Saturday, July 02, 2016

Brexit - how we decide things has changed

From Gillian Tett at the Financial Times:

"Before the referendum, British citizens were subjected to a blitz of advice about the potential costs of Brexit from “experts”: economists, central bankers, the International Monetary Fund and world leaders, among others. Indeed, the central strategy of the government (and other “Remainers”) appeared to revolve around wheeling out these experts, with their solemn speeches and statistics.

The pro-Brexit politician Michael Gove warned, “People in this country have had enough of experts,” and to some extent he was proved right: the country narrowly voted to ignore their advice and leave anyway. 

... citizens of the cyber world no longer have much faith in anything that experts say, not just in the political sphere but in numerous others too. At a time when we increasingly rely on crowd-sourced advice rather than official experts to choose a restaurant, healthcare and holidays, it seems strange to expect voters to listen to official experts when it comes to politics.

In our everyday lives, we are moving from a system based around vertical axes of trust, where we trust people who seem to have more authority than we do, to one predicated on horizontal axes of trust: we take advice from our peer group.

You can see this clearly if you look at the surveys conducted by groups such as the Pew Research Center...

What is even more interesting to look at, however, are the areas where trust remains high. In an annual survey conducted by the Edelman public relations firm, people in 20 countries are asked who they trust. They show rising confidence in the “a person like me” category, and surprisingly high trust in digital technology. We live in a world where we increasingly trust our Facebook friends and the Twitter crowd more than we do the IMF or the prime minister.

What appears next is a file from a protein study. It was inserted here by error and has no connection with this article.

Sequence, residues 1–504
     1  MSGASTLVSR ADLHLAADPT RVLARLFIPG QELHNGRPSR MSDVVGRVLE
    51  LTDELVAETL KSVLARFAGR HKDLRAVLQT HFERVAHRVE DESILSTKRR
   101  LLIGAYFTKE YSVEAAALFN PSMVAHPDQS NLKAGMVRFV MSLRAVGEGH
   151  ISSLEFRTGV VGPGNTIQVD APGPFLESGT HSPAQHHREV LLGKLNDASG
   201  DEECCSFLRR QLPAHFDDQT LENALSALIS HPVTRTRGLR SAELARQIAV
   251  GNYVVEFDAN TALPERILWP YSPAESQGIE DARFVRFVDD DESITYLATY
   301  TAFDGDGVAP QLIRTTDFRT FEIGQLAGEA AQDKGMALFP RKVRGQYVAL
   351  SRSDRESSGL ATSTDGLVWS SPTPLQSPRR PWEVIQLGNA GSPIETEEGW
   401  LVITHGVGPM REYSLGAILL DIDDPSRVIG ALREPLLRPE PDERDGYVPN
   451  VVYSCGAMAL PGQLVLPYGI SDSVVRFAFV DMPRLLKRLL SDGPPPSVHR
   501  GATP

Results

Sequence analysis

In some senses, this is good news. Relying on horizontal axes of trust should mean more democracy and empowerment for ordinary citizens. But the problem of this new world is that people can fall prey to social fads and tribalism - or groupthink.

“The rise of ‘a person like me’ has given birth to a ‘post-truth’ era, where comforting narratives and familiar messengers beat fact and argument,” points out Nick Barron, an Edelman executive. “Social echo chambers prevent effective scrutiny of individuals, organisations and campaigns that we think are on the ‘right side’ of an argument . . . ‘My truth’, ‘our truth’ and ‘the truth I feel’ beat ‘objective truth’.”

Either way, nobody is going to put this genie back into the bottle. So we all need to think about what creates the bonds of “trust” in today’s world. And recognise that the 20th-century model of politics, with its reverence for experts and fixed parties, may eventually seem as outdated as restaurant guides. We live in volatile times."

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